In 1922 eleven small hamlets located between East Quogue and Shinnecock Hills were announcing their move to unite and be recognized as the great hamlet of Hampton Bays. It is common to hear some of these hamlets still being referred to be their original names. Some include Ponquogue, Squiretown, East Tiana, Canoe Place, and Newtown. However, Hampton Bays didn’t begin in 1922. The history of this great area dates back to 1750 when Jeremiah Culver built an inn and tavern at Canoe Place and conveniently named it, The Canoe Place Inn.
The Canoe Place Inn was always a favorite place for locals and tourists, and during the Revolutionary War it became a fort and safe haven for hundreds of troops. Located west of the Shinnecock Canal, a man-made canal linking The Great Peconic and The Shinnecock Bay, The Canoe Place Inn burned to the ground in 1921. It was later rebuilt and reported to be the oldest inn in the United States.
Hampton Bays used to be linked with Southampton along the ocean fornt, but during the New England Hurricane of 1938, the ocean currents broke through the barrier and washed away the beaches creating, The Shinnecock Inlet. It became the most eastern inlet on Long Island and is still a very popular location for commercial fishing. In 2006 a reported $8.0 million dollars worth of shellfish and 6.1 million pounds of finfish were landed in the Hampton Bays/Shinnecock port. Behind Montauk, Shinnecock Inlet is the second busiest commercial fishing port in New York State.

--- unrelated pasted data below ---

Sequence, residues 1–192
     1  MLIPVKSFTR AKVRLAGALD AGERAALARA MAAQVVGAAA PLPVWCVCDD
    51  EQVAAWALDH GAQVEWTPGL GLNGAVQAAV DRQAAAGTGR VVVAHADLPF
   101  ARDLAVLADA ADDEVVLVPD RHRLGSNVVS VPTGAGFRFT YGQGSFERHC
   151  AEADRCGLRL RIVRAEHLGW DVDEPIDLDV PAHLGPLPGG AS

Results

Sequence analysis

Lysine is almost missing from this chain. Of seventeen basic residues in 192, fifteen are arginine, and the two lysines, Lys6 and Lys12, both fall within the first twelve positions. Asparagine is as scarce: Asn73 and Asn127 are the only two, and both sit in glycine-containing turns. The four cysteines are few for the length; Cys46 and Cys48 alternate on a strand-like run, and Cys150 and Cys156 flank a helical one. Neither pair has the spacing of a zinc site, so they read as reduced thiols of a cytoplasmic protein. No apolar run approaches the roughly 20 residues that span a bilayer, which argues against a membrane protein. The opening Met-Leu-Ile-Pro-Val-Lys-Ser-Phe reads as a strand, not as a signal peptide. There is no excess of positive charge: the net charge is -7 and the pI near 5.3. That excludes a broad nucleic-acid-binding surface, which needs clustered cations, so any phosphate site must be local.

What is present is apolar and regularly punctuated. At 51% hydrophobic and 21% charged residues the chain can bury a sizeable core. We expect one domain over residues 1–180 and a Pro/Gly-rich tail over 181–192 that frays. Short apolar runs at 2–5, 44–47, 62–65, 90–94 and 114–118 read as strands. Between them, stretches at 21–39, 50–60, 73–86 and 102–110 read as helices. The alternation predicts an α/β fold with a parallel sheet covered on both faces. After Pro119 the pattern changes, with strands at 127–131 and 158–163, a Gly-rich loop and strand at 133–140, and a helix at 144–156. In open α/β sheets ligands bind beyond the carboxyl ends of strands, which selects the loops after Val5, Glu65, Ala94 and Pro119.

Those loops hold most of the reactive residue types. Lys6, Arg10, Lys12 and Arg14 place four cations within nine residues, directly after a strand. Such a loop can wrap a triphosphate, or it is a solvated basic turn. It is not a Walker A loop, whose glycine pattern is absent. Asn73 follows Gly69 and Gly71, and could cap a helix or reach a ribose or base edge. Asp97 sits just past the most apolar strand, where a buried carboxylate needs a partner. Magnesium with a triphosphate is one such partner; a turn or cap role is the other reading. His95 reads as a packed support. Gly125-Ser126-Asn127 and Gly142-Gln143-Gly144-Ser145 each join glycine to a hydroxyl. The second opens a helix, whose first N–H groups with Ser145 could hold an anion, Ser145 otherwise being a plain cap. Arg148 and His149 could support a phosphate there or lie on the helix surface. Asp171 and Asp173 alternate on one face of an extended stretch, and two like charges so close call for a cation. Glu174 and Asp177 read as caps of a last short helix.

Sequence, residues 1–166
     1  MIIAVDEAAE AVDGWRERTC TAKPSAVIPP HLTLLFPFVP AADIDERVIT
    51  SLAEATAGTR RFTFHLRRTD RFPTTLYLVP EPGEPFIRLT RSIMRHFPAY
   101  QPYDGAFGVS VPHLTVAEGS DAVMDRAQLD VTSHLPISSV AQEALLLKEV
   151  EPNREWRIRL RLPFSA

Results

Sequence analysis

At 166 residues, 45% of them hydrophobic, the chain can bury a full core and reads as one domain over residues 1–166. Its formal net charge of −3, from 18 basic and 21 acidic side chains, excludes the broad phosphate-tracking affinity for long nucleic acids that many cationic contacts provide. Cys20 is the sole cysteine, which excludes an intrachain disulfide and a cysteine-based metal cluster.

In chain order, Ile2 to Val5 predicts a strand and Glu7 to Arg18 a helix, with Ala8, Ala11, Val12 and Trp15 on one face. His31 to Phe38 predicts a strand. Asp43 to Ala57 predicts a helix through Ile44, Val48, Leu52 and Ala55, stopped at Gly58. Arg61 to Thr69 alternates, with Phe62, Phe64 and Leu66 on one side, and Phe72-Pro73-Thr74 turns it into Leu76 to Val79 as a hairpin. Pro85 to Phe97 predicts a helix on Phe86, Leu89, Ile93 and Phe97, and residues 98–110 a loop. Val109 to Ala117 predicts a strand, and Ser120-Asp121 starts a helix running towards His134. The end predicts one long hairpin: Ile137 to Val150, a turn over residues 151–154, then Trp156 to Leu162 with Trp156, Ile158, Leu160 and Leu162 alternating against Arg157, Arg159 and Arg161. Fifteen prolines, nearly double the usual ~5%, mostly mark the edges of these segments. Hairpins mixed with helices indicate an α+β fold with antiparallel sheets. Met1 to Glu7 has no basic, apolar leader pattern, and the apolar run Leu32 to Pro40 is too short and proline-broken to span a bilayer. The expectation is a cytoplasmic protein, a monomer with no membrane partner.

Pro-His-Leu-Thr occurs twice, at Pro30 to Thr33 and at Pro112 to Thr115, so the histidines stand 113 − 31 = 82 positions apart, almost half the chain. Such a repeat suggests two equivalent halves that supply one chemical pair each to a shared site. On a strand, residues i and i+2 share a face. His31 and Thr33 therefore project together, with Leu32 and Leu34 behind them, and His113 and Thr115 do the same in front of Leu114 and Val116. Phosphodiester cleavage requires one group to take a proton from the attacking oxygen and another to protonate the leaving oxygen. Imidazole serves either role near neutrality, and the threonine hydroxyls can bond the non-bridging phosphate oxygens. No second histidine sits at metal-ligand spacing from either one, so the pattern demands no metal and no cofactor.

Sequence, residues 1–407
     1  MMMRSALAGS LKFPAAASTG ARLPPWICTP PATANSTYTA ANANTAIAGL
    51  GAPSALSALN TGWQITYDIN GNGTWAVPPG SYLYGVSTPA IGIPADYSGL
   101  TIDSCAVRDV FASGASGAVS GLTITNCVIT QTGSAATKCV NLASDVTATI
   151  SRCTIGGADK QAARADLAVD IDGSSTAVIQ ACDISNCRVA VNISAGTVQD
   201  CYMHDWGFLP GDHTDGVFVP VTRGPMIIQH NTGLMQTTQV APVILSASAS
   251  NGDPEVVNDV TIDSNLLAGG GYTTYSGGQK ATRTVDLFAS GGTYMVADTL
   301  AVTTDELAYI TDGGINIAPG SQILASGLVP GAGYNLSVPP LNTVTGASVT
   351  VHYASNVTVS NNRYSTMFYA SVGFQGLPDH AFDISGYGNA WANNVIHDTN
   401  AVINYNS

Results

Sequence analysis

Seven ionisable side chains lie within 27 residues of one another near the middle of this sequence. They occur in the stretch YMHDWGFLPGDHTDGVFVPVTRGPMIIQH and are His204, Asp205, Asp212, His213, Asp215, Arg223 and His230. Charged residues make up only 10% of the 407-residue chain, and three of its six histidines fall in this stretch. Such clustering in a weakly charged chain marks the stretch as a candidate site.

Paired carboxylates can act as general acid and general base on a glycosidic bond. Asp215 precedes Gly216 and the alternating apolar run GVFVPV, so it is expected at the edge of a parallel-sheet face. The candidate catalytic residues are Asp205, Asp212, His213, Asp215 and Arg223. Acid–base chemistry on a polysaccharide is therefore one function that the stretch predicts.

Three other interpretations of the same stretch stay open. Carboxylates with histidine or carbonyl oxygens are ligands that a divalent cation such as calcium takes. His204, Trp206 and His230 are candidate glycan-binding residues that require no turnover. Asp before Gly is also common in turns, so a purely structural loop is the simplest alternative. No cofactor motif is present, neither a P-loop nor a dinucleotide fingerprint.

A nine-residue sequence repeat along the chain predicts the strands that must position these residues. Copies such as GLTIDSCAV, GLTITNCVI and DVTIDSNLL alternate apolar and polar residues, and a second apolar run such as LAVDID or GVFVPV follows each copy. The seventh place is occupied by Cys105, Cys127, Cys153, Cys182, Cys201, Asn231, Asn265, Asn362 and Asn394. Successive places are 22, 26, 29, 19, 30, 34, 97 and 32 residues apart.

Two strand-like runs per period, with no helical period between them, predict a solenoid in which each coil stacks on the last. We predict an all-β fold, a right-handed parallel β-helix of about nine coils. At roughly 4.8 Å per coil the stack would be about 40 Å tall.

In addition to a successful commercial fishing location, the break through and creation of the Shinnecock Inlet has resulted in several great surf spots favored by the locals. Just a short distance form the beach over the 65 foot tall bridge connecting the beaches to the main land, Main Street is lined with charming shopes, boutiques, and intimate restaurants and pubs. A port filled with great history, quaint charm, and a village with breath taking landscapes, Hampton Bays is the diamond in the rough of the Hamptons.